WASHINGTON (Reuters) - Two senators seen as possible candidates for the 2016 presidential election will address a conservative conference where Republicans will try to regroup on Thursday after their bruising election loss last year.
Senators Marco Rubio of Florida and Rand Paul of Kentucky will speak at the Conservative Political Action Conference, or CPAC. Organized by the American Conservative Union, the annual meeting is a showcase for the party's election hopefuls.
Rubio's Hispanic credentials have raised his profile in a party looking to win over Latino voters after they overwhelmingly backed President Barack Obama instead of Republican Mitt Romney in November.
Paul, the son of former presidential candidate Ron Paul, won admirers by talking on the Senate floor for almost 13 hours last week, a procedure known as a filibuster, to raise questions about the Obama administration's ground rules for using drones in the United States.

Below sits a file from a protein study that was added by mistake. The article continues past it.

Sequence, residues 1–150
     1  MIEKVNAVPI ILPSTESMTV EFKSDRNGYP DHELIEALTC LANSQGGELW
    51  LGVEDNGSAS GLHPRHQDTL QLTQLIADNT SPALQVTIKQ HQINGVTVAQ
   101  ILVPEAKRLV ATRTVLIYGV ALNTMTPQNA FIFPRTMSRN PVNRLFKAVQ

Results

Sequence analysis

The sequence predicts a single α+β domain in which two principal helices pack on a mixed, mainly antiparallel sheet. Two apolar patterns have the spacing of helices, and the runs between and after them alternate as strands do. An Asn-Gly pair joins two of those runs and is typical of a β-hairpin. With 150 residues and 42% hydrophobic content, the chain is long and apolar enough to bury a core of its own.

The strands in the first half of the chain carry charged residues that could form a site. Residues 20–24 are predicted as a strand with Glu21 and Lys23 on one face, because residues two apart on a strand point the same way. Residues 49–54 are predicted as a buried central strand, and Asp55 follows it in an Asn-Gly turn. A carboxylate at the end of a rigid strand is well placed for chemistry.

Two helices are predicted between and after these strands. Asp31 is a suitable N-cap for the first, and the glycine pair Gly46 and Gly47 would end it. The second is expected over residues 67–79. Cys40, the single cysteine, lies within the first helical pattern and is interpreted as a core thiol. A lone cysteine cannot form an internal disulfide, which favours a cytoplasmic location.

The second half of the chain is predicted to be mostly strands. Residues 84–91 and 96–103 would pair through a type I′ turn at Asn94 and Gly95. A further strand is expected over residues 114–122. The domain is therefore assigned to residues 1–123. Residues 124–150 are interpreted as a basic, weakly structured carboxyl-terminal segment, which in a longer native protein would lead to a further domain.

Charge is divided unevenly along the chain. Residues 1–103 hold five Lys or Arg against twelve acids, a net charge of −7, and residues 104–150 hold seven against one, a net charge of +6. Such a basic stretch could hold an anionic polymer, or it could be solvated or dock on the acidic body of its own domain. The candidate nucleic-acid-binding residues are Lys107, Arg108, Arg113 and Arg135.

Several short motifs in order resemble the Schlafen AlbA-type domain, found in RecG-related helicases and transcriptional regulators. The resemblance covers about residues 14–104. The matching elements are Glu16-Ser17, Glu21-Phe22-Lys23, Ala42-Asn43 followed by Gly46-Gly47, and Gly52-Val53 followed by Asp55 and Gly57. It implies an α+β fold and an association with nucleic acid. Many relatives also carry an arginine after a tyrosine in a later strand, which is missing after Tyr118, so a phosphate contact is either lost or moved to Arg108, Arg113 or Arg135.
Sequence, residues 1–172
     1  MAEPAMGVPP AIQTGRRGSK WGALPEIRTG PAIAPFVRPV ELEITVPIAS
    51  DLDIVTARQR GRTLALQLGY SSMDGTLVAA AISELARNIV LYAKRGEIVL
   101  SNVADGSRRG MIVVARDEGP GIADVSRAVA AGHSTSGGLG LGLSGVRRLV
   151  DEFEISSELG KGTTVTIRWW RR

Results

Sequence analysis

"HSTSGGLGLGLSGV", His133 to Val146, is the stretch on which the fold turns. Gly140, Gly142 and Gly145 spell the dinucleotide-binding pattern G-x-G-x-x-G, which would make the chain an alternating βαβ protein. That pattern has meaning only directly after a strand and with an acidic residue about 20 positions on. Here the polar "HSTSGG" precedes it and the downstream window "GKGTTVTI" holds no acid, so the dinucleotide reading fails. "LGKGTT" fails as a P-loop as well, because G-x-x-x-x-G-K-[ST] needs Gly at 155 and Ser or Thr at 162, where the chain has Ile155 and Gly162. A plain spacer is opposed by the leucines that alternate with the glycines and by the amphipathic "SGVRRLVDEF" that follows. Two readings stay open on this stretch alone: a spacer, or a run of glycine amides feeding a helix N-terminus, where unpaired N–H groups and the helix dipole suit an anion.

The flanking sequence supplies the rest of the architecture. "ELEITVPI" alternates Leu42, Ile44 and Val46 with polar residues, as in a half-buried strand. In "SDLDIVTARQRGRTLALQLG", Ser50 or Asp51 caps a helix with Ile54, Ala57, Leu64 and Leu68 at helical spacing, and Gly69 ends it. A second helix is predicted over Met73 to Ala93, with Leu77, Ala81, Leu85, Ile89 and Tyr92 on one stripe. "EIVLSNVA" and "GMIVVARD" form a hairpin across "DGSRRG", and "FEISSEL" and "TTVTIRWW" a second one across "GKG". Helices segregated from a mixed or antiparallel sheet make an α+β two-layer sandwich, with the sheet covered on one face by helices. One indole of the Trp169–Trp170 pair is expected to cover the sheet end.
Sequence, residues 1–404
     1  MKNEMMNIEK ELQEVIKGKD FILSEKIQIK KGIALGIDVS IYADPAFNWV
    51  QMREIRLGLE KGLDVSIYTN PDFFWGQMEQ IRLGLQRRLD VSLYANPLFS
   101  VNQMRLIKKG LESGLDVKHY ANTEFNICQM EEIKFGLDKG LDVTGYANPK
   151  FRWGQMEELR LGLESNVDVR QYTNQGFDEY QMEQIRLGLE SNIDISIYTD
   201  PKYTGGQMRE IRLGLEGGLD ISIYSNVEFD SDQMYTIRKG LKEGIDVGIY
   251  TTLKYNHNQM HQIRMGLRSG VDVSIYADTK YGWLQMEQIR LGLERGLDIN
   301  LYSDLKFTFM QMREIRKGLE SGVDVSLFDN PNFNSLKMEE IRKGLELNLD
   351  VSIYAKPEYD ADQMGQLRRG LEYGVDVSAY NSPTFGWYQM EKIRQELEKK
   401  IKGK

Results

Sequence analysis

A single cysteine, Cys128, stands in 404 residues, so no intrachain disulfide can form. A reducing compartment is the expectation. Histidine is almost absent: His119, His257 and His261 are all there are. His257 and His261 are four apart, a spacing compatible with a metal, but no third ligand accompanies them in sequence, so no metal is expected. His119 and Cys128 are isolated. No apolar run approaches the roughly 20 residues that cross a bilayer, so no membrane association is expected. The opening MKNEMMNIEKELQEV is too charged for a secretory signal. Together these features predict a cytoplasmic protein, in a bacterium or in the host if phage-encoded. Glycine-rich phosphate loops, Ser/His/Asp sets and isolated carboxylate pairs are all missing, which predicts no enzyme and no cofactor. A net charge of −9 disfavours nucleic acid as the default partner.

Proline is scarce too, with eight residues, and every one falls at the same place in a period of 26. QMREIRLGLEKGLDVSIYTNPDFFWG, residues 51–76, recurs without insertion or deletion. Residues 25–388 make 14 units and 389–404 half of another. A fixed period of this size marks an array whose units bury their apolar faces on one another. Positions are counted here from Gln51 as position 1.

Coverage of this year's conference has also focused on who will not attend.
New Jersey's Chris Christie, the Republican governor of a blue state who holds one of the highest approval ratings in the country, was not invited.
Christie upset some Republicans by praising Obama's handling of the effects of Superstorm Sandy last year just before the election.
Virginia Governor Bob McDonnell went to the conference the last two years, but will not attend this year. He ruffled Republicans' feathers by signing a transportation bill that included a tax hike.
On Friday, Romney will address the conference, making his first major public speech since the election.
(Reporting by Alistair Bell; Editing by Stacey Joyce)